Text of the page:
Presentation at the Science Fiction Research Association (SFRA) & Gesellschaft für Fantastikforschung (GfF, or German Association for Research in the Fantastic) joint conference “Disruptive Imaginations” in Dresden, Germany. Great to be back at an in-person event! This conference was special for me because in 2010 I presented a paper at the inaugural GfF conference in Hamburg.


In the 1960s, a supposedly new kind of science fiction under the rubric of the “new wave” drew substantial attention as an alternative to the golden age aesthetic, as promoted by John W. Campbell. Michael Moorcock in the UK and Harlan Ellison in the US came on the scene with visions of brash, manly individualism that they hoped would bring science fiction to a wider audience. As science fiction found its way into university courses and academic studies of the 1970s, this vision became enshrined as an important disruption.

The way in which Moorcock and Ellison sought to gain a wider audience for science fiction, though, seems less than disruptive in the broader context of cultural studies. In the 1960s, a new vision of masculinity became prominent, turning against fatherly figures like President Eisenhower. For instance, Arthur Schlesinger’s “The Crisis of American Masculinity” (1958) suggested that Cold War men needed to accustom themselves to uncertainty and discontinuity. President-Elect John F. Kennedy wrote “The Soft American” for Sports Illustrated(1960) to tie manly American individualism to the fight against communism. In this way, the aesthetic of Moorcock’s The Black Corridor and Ellison’s “‘Repent, Harlequin!’ Said the Ticktockman” is in continuity with, not disruptive of, the overall culture.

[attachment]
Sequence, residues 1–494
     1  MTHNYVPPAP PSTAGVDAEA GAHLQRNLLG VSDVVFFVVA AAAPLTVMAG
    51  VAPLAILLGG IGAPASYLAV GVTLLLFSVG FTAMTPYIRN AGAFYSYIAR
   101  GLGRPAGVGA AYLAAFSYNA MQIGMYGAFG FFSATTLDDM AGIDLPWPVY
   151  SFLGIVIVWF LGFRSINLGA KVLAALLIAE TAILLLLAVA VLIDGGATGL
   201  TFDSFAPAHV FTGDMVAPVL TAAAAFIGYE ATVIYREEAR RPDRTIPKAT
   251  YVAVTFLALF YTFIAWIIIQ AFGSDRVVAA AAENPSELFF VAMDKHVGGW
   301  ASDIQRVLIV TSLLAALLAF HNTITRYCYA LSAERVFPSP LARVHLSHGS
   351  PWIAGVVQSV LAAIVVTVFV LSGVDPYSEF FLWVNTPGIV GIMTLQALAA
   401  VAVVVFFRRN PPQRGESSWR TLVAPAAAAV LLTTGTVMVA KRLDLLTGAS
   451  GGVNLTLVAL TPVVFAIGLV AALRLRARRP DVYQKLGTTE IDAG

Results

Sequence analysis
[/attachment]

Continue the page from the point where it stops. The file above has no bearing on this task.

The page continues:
Something unusual about this supposed disruption is the way that Judith Merril is considered to be a collaborator in the new wave, even though she never used this term herself, preferring the vaguer “the new thing.” Ellison, without crediting her, mimicked many of her ideas. Considering the broad scope of Merril’s editorial career, starting from her first anthology, “Shot in the Dark” (1950), through the dozen “year’s best” anthologies she edited, it seems like Merril was herself more disruptive, creating a space for genre-busting fiction authors who were not aiding cold war ideologies. Although Moorcock’s criticism of golden age of science fiction are valid – see, for instance, his “Starship Stormtroopers” essay – it is unclear how disruptive the fiction written and promoted by him and Ellison was as disruptive as they proclaimed it to be. Merril, however seems to be the true disruptor, especially considering today’s desire to broaden definitions of science fiction.

Selected Slides

As detailed in Chap. 7 of my book, From Hyperspace to Hypertext, Merril promoted the “new thing” in science fiction for many years – both as a writer and as an editor. Ellison and Moorcock, although they borrow some of Merril’s ideas, come on the scene much later.


In between the time I submitted my abstract and my conference presentation, my academic affiliation changed. Glad I was able to attend anyway.

Important panel about global science fictions.

I visited Dresden during my 2008-2009 Fulbright year at Universität Potsdam, but only a day trip. Grateful for the chance to spend a few days there.

Beautiful old area of Dresden.
New city area of Dresden.
Stumbling stones.